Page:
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Teenagers And Money: More Powerful Than You’d Think, With Mattie Kahn

Haley Paskalides  |  August 9, 2023

When young women have money they use it in surprising ways — and Mattie Kahn says we’ve discounted them for far too long.

If you’re under the age of 30, you’ve probably watched in horror as low rise jeans, platform flip flops, and bucket hats have made a comeback. But the 90’s are back in a major way — and the teenagers saw it coming. Teens have always had their finger on the pulse of the latest trends, and they’re not only great forecasters — they’re also big drivers in the economy, and are often the main drivers for social change. Teens are more willing to spend their hard-earned cash on companies with missions that align with their values. A 2020 study from Business Wire found that 62% of Gen Z consumers prefer to buy from sustainable brands, and 73% are willing to pay more for eco-friendly mission-driven products. But of course none of this is new. If we look back through history, teens have always shaped America’s economy behind the scenes, and demanded more from big businesses. And perhaps no one knows this better than Mattie Kahn. 

Mattie Kahn has brought many of these lesser-known or flat-out forgotten young women in history into the spotlight in her new book: “Young and Restless: The Girls Who Sparked America’s Revolutions.” Mattie identifies the power of young women with money as early as the 1830s when thousands of girls were employed at the textile mills, and eventually went on strike to demand better conditions. (The reason these girls felt empowered to strike was because it was the first time they knew what it was like to feel a sense of independence.) “Centuries before the ‘Money Diaries’ that we all know so well as an internet format, these girls were writing down everything that they bought in a given week and it just emancipated them and set them free,” she says.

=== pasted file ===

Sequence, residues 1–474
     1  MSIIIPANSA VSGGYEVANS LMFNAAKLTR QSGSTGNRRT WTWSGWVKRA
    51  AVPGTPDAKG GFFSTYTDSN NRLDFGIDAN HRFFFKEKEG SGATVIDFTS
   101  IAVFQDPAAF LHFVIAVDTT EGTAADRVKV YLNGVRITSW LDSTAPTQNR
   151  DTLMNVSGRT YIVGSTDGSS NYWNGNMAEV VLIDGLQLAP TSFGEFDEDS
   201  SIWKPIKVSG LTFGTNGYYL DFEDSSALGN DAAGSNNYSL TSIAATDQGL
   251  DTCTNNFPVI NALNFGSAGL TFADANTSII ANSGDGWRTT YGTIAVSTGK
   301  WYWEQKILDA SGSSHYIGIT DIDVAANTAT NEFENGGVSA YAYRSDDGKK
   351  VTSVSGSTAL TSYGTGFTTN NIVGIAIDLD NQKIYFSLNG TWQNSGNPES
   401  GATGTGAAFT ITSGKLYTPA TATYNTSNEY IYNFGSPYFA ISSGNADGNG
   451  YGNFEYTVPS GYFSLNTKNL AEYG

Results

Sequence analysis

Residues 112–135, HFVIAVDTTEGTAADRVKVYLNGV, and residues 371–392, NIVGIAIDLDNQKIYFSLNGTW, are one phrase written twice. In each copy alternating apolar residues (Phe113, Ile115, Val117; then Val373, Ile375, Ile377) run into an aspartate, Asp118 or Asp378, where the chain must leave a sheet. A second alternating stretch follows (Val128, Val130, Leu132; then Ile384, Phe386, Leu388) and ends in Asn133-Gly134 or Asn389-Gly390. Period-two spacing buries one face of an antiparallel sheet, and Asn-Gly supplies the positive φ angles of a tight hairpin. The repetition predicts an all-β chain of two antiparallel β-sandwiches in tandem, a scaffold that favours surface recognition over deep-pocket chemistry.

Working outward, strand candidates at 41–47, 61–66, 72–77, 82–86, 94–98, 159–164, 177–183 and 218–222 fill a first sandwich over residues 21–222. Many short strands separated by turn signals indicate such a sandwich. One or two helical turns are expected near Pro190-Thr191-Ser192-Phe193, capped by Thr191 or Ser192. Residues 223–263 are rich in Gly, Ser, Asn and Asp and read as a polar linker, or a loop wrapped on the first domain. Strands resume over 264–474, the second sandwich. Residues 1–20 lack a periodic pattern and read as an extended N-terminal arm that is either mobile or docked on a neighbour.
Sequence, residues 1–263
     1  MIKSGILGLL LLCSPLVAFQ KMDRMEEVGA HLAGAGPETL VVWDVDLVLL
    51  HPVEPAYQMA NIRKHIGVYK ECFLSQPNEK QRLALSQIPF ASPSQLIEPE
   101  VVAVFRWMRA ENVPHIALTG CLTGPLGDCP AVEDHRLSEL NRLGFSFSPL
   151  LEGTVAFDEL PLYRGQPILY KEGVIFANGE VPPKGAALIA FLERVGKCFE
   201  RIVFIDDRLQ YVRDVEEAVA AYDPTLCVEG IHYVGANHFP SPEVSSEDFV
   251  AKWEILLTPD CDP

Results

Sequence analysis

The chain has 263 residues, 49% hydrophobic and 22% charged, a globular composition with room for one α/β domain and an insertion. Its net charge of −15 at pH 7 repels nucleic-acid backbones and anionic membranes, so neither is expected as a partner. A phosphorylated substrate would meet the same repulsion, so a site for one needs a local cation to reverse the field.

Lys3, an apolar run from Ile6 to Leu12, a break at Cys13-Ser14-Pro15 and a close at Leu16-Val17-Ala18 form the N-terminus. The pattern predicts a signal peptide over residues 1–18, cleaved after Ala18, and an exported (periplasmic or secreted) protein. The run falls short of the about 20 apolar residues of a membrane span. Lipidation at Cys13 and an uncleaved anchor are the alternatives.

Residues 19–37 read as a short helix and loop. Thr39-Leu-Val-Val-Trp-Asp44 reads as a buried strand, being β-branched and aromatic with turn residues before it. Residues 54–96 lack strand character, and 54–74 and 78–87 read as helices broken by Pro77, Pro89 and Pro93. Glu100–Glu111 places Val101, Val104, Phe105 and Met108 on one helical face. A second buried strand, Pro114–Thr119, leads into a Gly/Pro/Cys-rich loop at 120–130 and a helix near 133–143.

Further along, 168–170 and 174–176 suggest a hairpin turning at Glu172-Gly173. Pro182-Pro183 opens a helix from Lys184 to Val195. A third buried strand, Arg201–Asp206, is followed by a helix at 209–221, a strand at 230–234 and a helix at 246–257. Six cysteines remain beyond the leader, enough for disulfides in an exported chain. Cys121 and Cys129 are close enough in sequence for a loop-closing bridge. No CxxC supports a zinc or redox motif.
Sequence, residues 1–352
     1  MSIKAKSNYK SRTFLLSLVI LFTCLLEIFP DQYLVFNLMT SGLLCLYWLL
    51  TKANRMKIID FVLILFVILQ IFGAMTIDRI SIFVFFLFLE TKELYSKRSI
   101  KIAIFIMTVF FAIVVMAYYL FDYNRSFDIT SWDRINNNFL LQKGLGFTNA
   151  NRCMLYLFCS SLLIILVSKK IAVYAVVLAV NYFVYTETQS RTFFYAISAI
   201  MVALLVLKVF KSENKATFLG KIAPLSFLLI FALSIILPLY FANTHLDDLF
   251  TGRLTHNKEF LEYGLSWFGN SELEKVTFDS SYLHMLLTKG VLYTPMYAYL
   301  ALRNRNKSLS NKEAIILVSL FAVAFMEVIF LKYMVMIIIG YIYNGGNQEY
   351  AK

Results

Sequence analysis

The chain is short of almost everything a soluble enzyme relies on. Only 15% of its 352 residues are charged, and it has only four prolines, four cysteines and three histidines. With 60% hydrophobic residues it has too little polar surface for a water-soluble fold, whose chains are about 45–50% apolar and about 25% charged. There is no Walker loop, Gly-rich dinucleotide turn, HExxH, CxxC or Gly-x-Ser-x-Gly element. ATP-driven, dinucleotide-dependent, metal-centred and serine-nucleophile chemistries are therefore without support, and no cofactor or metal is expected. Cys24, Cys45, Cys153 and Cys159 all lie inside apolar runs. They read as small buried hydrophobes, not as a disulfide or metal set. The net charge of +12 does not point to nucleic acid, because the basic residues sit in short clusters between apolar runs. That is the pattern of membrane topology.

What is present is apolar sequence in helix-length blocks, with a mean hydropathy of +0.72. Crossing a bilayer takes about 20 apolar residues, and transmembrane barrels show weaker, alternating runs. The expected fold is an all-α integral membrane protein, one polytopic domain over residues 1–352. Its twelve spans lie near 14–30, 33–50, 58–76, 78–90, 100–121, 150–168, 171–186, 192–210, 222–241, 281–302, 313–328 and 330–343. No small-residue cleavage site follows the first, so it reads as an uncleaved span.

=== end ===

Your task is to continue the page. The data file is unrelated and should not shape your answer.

Fast forward to today, and Mattie Kahn says she thinks it’s no accident that women like Greta Thunberg are overrepresented in the climate movement. “I think women are future-oriented,” she says “and they know that you could earn all the money in the world now, but if in 10 years you can’t insure your house because of where you live, it’s not necessarily going to buy you out of all of your problems.” 

Lastly, in Mailbag, we hear from a listener who feels like she’s grown out of her Roth IRA fund and from someone who picked up How To Money at the library and is hungry for more personal finance book recs. In our money tip of the week, in the midst of a pink craze — what should you do when a stock (think Mattel) goes viral?


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The HerMoney podcast is supported by      Edelman
All advisory services offered through Financial Engines Advisors L.L.C. (FEA), a federally registered investment advisor. Results are not guaranteed. AM1969416

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